“No, fortunately they did not.”
The man frowned. “Why do you say fortunately?”
“Because the fourteen bottles I kept happen to be collectors’ items. Now fifteen with this one, I’m suspecting.”
“What do you mean?”
“I mean that each one of them is worth a lot of money.”
“I admit I’m no expert in bottles, but the obvious age of these naturally piqued my interest. And so I’ve been doing a little Internet exploration.”
“You have? A-and?”
Marceline cleared her throat. “And, if I am not terribly mistaken—and not counting the present bottle, mind you—you’ve shipped me what I believe to be roughly ten thousand dollars worth of rare, antique bottles . . . give or take a thousand.”
“What!” His face paled.
“Oh, they’d have to be properly appraised for a more exact figure, of course, but that seems to be the general neighborhood of their value according to my research. So I want to thank you very much.”
The man stiffened. “But-but they were not intended for you!”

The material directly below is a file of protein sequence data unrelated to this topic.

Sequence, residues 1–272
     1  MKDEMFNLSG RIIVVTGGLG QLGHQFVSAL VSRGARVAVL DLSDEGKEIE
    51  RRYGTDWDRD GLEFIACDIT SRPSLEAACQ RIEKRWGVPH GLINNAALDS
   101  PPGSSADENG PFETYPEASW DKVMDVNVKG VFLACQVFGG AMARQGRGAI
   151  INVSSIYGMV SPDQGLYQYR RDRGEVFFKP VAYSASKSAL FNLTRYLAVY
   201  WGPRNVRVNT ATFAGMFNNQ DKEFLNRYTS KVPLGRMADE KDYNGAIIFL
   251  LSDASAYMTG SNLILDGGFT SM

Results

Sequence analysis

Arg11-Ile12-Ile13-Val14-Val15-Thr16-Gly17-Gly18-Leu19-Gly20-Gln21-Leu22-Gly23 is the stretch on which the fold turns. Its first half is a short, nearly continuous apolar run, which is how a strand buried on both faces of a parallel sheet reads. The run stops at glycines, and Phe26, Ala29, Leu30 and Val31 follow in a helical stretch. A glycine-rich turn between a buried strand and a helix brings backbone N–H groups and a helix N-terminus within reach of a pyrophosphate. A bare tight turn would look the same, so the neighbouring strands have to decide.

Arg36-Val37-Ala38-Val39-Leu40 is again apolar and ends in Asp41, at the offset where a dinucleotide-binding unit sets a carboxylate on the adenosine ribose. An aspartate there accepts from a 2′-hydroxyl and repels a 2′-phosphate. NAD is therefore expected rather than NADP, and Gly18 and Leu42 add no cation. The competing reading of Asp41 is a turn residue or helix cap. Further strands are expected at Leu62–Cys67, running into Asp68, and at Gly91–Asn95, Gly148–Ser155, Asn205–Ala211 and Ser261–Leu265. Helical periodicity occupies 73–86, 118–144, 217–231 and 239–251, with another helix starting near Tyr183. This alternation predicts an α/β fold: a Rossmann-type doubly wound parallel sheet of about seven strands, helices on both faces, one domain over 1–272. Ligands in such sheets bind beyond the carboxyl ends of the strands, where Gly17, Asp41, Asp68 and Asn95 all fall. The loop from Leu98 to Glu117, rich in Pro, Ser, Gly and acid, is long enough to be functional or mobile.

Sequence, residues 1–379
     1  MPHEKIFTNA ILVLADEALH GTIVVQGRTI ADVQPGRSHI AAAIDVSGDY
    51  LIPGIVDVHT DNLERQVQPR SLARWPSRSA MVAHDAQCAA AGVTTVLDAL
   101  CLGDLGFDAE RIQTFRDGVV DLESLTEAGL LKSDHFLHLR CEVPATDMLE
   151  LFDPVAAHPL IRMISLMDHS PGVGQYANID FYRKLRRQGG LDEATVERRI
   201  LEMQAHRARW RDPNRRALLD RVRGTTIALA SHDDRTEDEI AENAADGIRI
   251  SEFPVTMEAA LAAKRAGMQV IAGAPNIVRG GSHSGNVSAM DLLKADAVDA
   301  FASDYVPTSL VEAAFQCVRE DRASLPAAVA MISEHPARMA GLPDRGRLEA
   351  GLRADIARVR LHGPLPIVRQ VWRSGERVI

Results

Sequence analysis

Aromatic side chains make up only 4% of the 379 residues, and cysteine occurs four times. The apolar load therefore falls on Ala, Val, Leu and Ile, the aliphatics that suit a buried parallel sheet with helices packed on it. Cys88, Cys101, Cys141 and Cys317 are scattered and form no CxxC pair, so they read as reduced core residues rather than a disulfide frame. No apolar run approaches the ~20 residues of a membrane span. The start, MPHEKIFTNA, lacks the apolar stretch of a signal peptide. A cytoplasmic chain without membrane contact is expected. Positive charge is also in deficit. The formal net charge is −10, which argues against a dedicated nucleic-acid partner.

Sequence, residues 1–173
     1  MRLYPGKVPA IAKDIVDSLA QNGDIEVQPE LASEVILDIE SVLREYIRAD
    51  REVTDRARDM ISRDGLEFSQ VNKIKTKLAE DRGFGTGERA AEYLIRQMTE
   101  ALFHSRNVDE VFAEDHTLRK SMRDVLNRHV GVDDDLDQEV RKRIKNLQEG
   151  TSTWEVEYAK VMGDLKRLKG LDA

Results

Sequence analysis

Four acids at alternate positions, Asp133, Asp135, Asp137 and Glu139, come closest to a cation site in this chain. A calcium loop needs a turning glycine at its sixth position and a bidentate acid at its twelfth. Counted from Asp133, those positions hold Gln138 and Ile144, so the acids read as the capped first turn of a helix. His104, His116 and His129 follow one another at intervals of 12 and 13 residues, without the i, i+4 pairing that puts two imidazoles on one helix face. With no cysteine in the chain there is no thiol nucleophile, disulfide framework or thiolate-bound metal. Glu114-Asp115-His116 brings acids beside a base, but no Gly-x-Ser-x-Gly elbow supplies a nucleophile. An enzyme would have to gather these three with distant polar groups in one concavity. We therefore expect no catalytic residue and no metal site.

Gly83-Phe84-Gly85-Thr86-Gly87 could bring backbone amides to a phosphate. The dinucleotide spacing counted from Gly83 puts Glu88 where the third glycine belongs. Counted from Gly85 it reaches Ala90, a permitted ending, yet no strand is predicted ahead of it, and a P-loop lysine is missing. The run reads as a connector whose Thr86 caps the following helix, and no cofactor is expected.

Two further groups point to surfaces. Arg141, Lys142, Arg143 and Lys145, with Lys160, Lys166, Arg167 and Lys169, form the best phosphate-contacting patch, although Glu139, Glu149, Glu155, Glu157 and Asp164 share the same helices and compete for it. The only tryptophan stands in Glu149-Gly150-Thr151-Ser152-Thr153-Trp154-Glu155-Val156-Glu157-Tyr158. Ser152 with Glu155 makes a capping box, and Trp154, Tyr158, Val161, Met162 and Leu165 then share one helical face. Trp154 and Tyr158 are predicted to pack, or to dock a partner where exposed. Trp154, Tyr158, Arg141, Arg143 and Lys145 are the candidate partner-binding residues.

Marceline wagged an index finger at him. “Oh, but they were. If they were yours in fact, you were definitely sending them to me. Otherwise, why would I have all of them in my possession now?”
“But, no! That’s not . . . that’s not how it works, not what I proposed!”
Marceline cocked her head to one side. “Oh? Then what did you propose?”
“Th-that ocean currents would carry them across the sea to other lands.”
“Well, sir, ocean currents can do that, of course. But there’s certainly no guarantee of that. Ocean currents can be quite frivolous, you know, dithery, free-floating, most particularly close to shore. Undertows, riptides, crosscurrents, countercurrents, and so on. Some things get carried out to sea; others return to the same shore. Your alleged bottles came back. To me, in fact. Ergo, I, it turns out, am the intended recipient. And I can’t tell you how delighted and grateful I am.”
“But this isn’t right! They are valuable bottles. You must return them to me.”
“Why is that? Had they reached other shores, do you think the recipient or recipients there would turn them around and send them back? And who’s to say that they would ever reach other hands at all?”